Rufous-tailed Scrub Robin

Rufous-tailed Scrub Robin  Cercotrichas galactotes

  • Cercotrichas : Greek word kerkos – tail; trikhas – Thrush
  • Galactotes : Greek word galaktos –milk; otes- resembling.

Vernacular Names :Baluchistan: Surkhdumak, Guj: Rakhodi peeth

Distribution in India: Passage migrant in North West India.

Description: Size of 15 cm; weight of 20–28 g. The nominate race is sandy-rufous from crown backwards, intensifying to foxy-rufous on tail, latter tipped black and white that is prominent during frequent tail movement. It has dusky wings; creamy-white supercilium bordering blackish eyestripe, creamy-white face and throat with short thin dark submoustachial, sandy-buff breast and flanks, whitish belly to vent. The bill is brownish at tip, paler basally; legs are pinkish-brown. Both the sexes are similar but male is larger. The juvenile is like adult but paler, with smaller black and white marks in tail.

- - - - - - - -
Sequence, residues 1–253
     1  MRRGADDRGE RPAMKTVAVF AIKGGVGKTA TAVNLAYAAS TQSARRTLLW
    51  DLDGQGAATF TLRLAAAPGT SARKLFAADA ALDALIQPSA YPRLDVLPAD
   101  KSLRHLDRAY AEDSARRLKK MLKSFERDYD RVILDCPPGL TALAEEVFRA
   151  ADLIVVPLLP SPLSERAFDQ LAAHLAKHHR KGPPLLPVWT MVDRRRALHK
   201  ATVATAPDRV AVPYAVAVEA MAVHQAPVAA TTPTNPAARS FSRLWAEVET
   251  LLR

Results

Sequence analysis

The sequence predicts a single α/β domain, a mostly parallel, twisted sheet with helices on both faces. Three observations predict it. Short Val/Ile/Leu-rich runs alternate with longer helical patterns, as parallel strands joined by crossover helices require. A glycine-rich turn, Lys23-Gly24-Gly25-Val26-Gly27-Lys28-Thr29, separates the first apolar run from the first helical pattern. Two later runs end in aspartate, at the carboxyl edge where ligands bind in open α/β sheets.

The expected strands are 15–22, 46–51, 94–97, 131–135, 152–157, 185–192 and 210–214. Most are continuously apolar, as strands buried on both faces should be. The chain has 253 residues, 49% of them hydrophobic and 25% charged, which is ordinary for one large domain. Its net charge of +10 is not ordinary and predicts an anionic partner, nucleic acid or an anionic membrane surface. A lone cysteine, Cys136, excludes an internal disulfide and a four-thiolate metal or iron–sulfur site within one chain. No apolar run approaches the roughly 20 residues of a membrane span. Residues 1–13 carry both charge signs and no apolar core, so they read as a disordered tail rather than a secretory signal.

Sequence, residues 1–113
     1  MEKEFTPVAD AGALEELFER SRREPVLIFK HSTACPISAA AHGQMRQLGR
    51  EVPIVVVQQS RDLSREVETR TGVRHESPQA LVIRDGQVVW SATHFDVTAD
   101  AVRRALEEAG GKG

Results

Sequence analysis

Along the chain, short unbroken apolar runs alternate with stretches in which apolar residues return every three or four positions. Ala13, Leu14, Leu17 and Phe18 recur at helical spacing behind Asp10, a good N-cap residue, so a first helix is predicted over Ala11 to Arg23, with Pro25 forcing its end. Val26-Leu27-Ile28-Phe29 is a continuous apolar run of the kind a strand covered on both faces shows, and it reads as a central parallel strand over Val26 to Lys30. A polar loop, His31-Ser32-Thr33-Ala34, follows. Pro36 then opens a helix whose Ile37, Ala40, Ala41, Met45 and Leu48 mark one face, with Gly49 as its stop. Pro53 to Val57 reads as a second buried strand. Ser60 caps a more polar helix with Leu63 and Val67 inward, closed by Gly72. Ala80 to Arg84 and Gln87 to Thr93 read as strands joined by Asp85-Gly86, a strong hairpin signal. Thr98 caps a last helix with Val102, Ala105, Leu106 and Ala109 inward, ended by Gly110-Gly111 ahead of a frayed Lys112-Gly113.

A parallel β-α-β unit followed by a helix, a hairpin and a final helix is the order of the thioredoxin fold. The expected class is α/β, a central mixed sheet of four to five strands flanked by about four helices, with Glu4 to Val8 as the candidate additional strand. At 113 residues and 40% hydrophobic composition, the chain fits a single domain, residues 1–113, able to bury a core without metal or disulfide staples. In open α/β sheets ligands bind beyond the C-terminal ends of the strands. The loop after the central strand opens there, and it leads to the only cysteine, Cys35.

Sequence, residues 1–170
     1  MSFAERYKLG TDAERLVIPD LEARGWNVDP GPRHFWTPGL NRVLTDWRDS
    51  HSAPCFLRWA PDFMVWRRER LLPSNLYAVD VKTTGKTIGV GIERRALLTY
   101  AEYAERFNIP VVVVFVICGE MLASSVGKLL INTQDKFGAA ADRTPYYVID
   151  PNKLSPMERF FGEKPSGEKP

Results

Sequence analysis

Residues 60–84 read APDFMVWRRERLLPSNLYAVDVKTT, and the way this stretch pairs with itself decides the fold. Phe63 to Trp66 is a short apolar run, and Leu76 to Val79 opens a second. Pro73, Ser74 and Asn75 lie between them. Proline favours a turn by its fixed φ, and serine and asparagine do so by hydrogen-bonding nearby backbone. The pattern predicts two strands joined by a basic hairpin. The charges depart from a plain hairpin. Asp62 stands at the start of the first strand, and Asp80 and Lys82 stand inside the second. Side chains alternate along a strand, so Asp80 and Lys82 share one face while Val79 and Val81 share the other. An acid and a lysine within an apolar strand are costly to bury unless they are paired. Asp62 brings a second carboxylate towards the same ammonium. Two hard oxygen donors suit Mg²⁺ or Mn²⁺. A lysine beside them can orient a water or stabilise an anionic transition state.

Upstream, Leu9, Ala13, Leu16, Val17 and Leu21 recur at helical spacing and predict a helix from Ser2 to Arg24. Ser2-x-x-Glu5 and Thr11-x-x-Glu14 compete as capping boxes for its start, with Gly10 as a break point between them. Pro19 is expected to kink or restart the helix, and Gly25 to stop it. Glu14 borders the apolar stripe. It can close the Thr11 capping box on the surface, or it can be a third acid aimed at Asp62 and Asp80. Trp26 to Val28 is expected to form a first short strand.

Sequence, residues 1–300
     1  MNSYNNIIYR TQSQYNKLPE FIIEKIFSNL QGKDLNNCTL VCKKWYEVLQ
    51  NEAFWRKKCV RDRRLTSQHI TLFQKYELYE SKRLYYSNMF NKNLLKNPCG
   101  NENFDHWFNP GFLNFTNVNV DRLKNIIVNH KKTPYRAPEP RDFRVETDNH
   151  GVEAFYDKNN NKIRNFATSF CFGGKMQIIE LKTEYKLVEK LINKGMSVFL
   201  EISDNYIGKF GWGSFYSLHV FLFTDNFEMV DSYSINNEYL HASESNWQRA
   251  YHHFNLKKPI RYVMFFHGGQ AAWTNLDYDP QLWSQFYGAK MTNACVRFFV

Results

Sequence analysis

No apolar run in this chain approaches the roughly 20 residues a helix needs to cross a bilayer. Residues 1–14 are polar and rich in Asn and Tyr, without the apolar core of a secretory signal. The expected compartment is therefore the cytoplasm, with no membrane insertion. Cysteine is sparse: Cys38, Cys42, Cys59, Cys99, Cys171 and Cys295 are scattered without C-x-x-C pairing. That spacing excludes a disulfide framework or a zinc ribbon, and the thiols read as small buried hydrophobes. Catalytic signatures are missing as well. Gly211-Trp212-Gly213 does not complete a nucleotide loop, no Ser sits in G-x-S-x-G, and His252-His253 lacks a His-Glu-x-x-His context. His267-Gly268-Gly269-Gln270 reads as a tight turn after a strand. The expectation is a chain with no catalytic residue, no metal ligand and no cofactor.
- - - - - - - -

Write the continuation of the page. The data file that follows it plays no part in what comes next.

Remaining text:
Habitat: It is found in habitats such as olive and almond groves, vineyards, citrus and young pine plantations, parks, orchards, bushy vegetation along rivers, open dry woodland, scrub-covered slopes and gardens. It is found mostly lowlands but reaching 1500 m.

Food habits:  It eats Invertebrates, mainly insects like beetles, bugs, ants, bees, wasps, flies, dragonflies, grasshoppers, caterpillars, moths, small butterflies, mantises, earwigs, cicadas, ant-lion larvae, spiders, centipedes, millipedes and earthworms. It also eats fruit, berries and seeds. It forages mainly on ground, hopping strongly under vegetation or over half-open grassy substrates, and probing soil, flipping over leaves, and pecking among stones and herbage; also makes fluttering sallies off ground to snatch insects from herb clumps and flower heads.


Breeding habits:  They breed in May to Jun in South Europe and Kazakhstan and May–Aug in Armenia; Apr–Aug in Israel; May–Jun in Pakistan and Apr–Aug in Africa. The nest is a loose flat cup of dry grass stems, rootlets, twigs, bark and leaves, often shed snakeskin incorporated, lined with fine fibres, hair and feathers, placed in dense vegetation, often spiny, in reed clump, small tree, shrub or grapevine, or crevice in building. They lay a clutch of Eggs 3–6 eggs. The incubation period is 13–14 days. The nestling period is 10–13 days.